Tasting Mas La Plana with Miguel Torres at Jaleo
Torres is one of Spain’s most important wineries, producing wines in Catalonia, Rioja, and Ribera del Duero. Twenty years ago, we traveled to Vilafranca in Penedés at the invitation of Juan Torres for a very special vertical tasting of Mas la Plana, the Torres winery’s iconic Cabernet Sauvignon that included vintages from 1975 to 1988. Known originally as Torres Gran Coronas Black Label, it was first produced in 1970 and quickly gained notoriety by coming out on top in the famous Gault-Milau Wine Olympics in 1979, beating out the likes of Chateaux Latour 1970 and La Mission-Haut-Brion 1961.
This month we repeated our vertical tasting of Mas la Plana at Jaleo in Washington, DC. This time our tasting was led by Miguel Torres, CEO and son of the famous winemaker and creator of Mas La Plana, Miguel Torres Jr. In this new vertical tasting, we tasted six vintages from 1977 to 2009. The tasting was followed by a celestial dinner prepared by Jose Andres’ culinary team at Jaleo. We review the wines and food below.
We tasted the following vintages of Mas la Plana: 1977, 1983, 1996, 2003, 2007, and 2009. Over the almost 40 years covered by these vintages much has changed. The vines, originally planted in the mid 1960s, have aged, and their roots have dug down deep, giving them a greater ability to withstand climatic stresses. Vineyard management has also changed with greater shading of the berries and longer hang time to ensure phenolic ripeness. Changes have also occurred in the winery. Skin contact has been extended from two weeks in earlier vintages to four weeks or more today. And while earlier vintages were matured in all American oak, and later a mix of and French oak, today they’re aged in all French barriques.
The wines reflect these vineyard and winery changes. The later vintages are more opulent and flavorful, and also higher in alcohol, than earlier vintages. Each vintage also reflects the climate of the year. The year 2003 was especially hot throughout Europe, and the Mas la Plana of that vintage reveals confiture and coffee. The elegance and richness of the 2007 and 2009 vintages, on the other hand, reflect the optimal weather of those years, which allowed for extended hang time with moderate temperatures.
1977 Light garnet. Aromas of earth, red berries, plum with hints of sweet oak. Delicate and silky, very well balanced and lively with soft tannins, good acidity and a vibrant finish. Alive and well.
1983 Opaque. Very aromatic, earthy and fruity. Complex and layered on the palate with hints of cedar, blackberries, and notes of forest floor and leather. Shows good structure. Long and persistent finish.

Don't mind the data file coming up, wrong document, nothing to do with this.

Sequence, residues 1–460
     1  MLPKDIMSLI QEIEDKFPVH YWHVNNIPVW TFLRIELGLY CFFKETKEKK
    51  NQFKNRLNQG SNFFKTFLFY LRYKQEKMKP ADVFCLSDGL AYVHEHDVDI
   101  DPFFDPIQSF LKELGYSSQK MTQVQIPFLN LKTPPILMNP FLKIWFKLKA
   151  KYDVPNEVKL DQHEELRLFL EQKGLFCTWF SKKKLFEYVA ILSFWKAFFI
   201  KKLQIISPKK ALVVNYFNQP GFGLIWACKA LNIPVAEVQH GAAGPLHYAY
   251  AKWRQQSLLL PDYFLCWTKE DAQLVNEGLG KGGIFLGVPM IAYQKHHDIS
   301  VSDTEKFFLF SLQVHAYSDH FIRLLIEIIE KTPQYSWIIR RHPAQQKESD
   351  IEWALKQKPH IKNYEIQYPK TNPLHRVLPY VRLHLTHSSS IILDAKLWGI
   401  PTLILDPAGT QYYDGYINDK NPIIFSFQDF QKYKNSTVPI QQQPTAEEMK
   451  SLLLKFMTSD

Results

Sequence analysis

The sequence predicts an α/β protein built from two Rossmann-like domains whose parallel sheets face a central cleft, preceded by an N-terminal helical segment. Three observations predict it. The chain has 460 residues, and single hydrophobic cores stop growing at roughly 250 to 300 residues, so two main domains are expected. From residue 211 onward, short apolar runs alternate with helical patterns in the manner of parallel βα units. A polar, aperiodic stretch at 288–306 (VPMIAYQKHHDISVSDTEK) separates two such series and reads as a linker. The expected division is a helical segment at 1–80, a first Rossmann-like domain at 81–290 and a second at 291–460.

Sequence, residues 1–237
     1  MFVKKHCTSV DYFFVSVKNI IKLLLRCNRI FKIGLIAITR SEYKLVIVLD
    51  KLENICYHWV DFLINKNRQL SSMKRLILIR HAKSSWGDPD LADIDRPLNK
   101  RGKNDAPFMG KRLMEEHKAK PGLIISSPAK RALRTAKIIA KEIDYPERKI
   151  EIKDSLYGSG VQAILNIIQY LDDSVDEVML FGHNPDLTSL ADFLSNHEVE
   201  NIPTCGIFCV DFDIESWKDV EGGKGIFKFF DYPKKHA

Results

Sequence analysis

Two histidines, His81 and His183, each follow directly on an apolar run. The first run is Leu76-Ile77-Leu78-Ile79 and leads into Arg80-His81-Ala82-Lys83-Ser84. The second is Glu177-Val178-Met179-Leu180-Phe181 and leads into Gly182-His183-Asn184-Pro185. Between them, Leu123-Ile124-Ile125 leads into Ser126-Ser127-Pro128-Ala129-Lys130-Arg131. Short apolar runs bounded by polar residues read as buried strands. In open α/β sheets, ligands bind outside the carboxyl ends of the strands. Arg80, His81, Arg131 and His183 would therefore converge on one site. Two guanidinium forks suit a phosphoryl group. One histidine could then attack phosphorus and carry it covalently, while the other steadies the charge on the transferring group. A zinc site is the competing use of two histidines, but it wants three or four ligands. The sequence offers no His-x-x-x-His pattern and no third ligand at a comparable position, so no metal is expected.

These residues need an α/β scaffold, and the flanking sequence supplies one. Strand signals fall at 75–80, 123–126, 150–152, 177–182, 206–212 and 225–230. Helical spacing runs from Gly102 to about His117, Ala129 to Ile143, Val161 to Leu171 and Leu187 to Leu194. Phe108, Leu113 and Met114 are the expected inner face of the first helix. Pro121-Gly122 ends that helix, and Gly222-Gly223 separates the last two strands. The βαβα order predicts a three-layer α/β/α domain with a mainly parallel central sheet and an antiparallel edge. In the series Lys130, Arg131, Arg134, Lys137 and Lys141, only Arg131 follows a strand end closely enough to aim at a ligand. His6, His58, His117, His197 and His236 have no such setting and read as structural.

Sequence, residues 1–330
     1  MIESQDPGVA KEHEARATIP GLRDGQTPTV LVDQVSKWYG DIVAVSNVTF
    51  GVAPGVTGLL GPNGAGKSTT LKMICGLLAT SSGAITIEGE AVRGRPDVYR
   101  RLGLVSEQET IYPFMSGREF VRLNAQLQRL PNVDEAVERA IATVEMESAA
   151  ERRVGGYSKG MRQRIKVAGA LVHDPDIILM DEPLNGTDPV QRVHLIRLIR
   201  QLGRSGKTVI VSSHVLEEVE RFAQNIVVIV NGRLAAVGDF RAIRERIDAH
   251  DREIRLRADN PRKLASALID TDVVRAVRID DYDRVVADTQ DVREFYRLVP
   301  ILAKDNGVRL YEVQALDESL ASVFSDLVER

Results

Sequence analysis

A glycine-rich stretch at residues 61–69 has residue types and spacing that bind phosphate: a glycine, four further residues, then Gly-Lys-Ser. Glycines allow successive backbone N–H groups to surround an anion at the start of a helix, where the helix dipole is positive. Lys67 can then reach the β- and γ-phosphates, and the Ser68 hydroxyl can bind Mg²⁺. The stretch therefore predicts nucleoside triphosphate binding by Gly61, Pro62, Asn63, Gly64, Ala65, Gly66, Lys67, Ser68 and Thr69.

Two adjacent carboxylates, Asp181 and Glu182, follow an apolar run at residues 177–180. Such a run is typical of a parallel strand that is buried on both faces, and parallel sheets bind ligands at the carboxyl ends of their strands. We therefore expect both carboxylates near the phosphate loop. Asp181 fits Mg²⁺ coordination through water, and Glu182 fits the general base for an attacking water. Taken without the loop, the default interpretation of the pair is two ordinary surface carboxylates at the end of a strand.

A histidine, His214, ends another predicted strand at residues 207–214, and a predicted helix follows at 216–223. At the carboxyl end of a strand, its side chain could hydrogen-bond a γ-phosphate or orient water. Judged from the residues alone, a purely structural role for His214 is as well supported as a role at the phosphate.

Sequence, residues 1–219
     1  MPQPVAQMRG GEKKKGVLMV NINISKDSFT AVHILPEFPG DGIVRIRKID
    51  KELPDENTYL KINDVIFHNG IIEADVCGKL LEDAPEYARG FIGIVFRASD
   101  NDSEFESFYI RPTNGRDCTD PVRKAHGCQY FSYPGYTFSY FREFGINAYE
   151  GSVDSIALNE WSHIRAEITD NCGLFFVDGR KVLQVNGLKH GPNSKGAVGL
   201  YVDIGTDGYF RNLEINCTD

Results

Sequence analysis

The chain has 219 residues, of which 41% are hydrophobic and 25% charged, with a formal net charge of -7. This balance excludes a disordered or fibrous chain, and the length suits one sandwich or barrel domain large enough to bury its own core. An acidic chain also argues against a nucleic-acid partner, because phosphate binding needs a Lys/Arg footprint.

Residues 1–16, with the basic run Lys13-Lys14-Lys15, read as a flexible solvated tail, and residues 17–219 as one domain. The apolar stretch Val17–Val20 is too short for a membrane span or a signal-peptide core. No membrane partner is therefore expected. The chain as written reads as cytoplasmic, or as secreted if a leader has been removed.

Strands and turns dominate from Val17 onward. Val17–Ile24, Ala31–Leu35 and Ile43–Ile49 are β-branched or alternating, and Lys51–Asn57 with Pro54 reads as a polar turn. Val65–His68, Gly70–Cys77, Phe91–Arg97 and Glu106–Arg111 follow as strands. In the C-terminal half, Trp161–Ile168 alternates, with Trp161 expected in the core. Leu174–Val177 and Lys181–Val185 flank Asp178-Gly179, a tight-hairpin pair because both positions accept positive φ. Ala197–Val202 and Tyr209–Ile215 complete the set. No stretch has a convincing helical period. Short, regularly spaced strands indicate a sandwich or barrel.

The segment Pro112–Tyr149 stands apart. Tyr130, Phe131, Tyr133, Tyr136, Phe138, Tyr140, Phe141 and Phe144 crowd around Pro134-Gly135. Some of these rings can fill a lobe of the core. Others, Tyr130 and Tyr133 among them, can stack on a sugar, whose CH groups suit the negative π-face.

1996 Dense and pure dark fruit flavors. Not as earthy and complex as 1983 but has bigger fruit up front. Concentrated and elegant with excellent acidity and freshness.
2003 Big and intensely flavored with nuances of fine oak. Rich with glycerin, full in the mouth with warm spice and blackberry fruit with notes of black cherry comfiture and coffee. A very warm vintage.
2007 Pure black fruit aromas with hints of red berries. Full in the mouth and very ripe and rich tasting. Perfect balance, good acidity and elegant tannins, finishing very long. A wine of real finesse.
2009 Fragrant and pure dark black fruit on the nose. Soft, round and elegant on a silky palate and in perfect balance with ripe tannins. More generous than the 2007, evolved and ready to drink now, but will age well. Delicious.
The 1983 vintage was of special interest to us as we had tasted this wine some twenty years earlier, and it was our favorite of that first vertical tasting. Fortunately, it didn’t disappoint at Jaleo either. Matured in half American, half French oak and fermented almost five weeks on the skins, this wine now reveals a mature complexity with prominent secondary notes of leather, forest floor, and dense ripe fruit.
Following our tasting, the Jaleo culinary team prepared a superb dinner featuring a rich selection of Catalan dishes. Some of our favorites included:
Acetiunas Ferrán Adría: Liquid olives, though these look like traditional olives, they are anything but. They are like velvet in the mouth, and then they explode, releasing intense flavors of liquid olive juice. Amazing.
Higos con Jamón Ibérico de Belolta: Fresh figs with cured Ibérico ham. Exquisite. A simply divine combination of Spanish ham with figs, a perfect balance between the salty, intensely flavored thinly sliced strips of ham and the very fresh, ripe quarters of figs.
Escalivada Catalana: Roasted red peppers, eggplant and sweet onions. Nothing fancy about this dish, but the combination of peppers, eggplant, and onions in virgin olive oil was simple and magnificent.
Lomo de Bujey con Setas: Grilled steak with mushrooms. Succulent, tender, rich and rare. A perfect match for recent vintages of Mas de Plana.
Pan con Chocolate: Chocolate flan with brioche ice cream. An incredible dessert. The chocolate flan is a hybrid of chocolate mousse and rich, milk chocolate gelato, intensely creamy and deeply flavored. A wonderful end to the meal, which was accompanied by 20 year old Torres brandy.
Thanks to Jaleo, José Andrés, Lucas Paya, and Miguel Torres Maczassek for a very special evening.
Mike Potashnik and Don Winkler